High tech research at Arizona State University is getting a serious fuel injection

High tech research at Arizona State University is getting a serious fuel injection

October 19, 2016

  • Dig in!  Dignitaries shovel dirt at gala event for Biodesign C

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  • President Michael Crow delivers opening remarks at groundbreaking event

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  • Crowd assembles on picture perfect Arizona day to kick off Biodesign C

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  • Back to reality: Visitor gets the virtual reality tour of Biodesign's new state-of-the-art facility. 

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October 19, 2016

The university has started construction on a new state-of-the-art facility poised to expand ASU’s research capacity and capabilities.  

On Tuesday the university held a celebratory groundbreaking for Biodesign C, the new facility which will become a part of the greater Biodesign complex. Scientists engineers architects, and scholars alike, gathered in the shade of the construction site to hear about what this exciting new facility will offer.

In attendance was ASU President Michael Crow, who spoke briefly on the vision behind Biodesign C.

“This the evolution of a fantastic new way to be creative,” Crow said. “This is a fantastic facility, a fantastic moment for Arizona, and an opportunity for Arizona to move forward as a leading center for science, technology and the laying down of the future.”

Of the new additions to come with Biodesign C, two in particular stand out. They are the ASU-Banner Neurodegenerative Disease Research Center, and the Biodesign Center for Applied Structural Discovery. Both promise exciting new developments once up and running.

The neurodegenerative center is accelerating research into Alzheimer’s, Parkinson’s aging and dementia. As populations age in the U.S. and across the world, our ability to understand and treat these diseases becomes increasingly important. Since the Banner partnership began the center has made impressive strides in understanding how these diseases work.

Buried underground in Biodesign C’s basement will sit a cutting edge super laser, powerful enough to look inside a protein. It is a new X-ray technology called the “compact X-ray free-electron laser.” This is the stuff of the Center for Applied Structural Discovery.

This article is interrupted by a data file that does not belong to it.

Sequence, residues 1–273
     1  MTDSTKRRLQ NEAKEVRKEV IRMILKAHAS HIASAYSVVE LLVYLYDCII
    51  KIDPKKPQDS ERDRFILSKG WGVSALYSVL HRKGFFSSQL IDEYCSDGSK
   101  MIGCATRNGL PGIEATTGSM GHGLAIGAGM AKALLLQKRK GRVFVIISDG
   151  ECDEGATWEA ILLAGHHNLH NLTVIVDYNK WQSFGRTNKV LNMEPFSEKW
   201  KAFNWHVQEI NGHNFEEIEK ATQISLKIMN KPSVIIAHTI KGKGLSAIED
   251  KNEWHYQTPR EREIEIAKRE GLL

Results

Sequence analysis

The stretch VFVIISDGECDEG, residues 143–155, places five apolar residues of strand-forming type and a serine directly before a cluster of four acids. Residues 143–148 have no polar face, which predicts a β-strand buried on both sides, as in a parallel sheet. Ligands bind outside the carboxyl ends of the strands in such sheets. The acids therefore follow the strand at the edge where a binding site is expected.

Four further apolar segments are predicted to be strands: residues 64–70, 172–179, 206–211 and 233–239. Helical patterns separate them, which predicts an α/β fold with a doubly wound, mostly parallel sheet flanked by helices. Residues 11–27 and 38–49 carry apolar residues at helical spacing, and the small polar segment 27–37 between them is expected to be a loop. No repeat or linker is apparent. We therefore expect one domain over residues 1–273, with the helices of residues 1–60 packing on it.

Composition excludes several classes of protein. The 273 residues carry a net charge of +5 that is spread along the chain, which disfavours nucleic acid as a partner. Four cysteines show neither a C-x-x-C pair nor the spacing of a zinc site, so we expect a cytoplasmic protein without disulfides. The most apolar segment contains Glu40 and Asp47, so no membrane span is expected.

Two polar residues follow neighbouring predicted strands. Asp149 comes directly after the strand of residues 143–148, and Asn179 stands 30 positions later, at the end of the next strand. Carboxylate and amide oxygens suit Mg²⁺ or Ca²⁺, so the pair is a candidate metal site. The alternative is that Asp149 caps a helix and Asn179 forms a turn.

“We will be getting X-rays that are a million times more powerful than the ones you get at your doctor. This let’s us look at molecules, atoms, how viruses work and how drugs attach to proteins,” said Bill Graves, associate professor, Biodesign Center for Applied Structural Discovery.

The laser will be the first of its kind in terms of size, about 30 feet in all. Anything comparable in capability that currently exists is about the size of a football field. With this experimental technology right beneath their feet, researchers will be able to unlock the causes of disease and better identify effective treatments tailored for individual patients.

Biodesign C will serve as a workhorse in the Biodesign complex. At 188,000 square feet, much of the new building will be dedicated solely to research. It will house researchers from multiple organizations on campus including the College of Liberal Arts and Sciences, the Ira A. Fulton Schools of Engineering and of course, the Biodesign Institute. It will be a truly interdisciplinary environment.

The architects wanted to design a workplace that drives cooperation and collaboration between researchers from different fields. They designed the building around a “neighborhoods” model that encourages interaction between researchers while still offering privacy, through a creative use of space.    

“The ‘neighborhood’ creates a kind of hybrid. It is an open lab in the sense that multiple research groups are accommodated, but it is not wide open, scaleless and impersonal,” said architect Gary Cabo, Principal at Zimmer Gunsul Frasca Architects​. “It gives you the possibility to put like research together.”

ASU plans to open the building in spring 2018. The facility has the capacity to house as many as 80 lead researchers and 400 support staff.

Biodesign C will help the university expand its research enterprise and attract top-of-the-line researchers both nationwide and globally.




Written by: Gavin Maxwell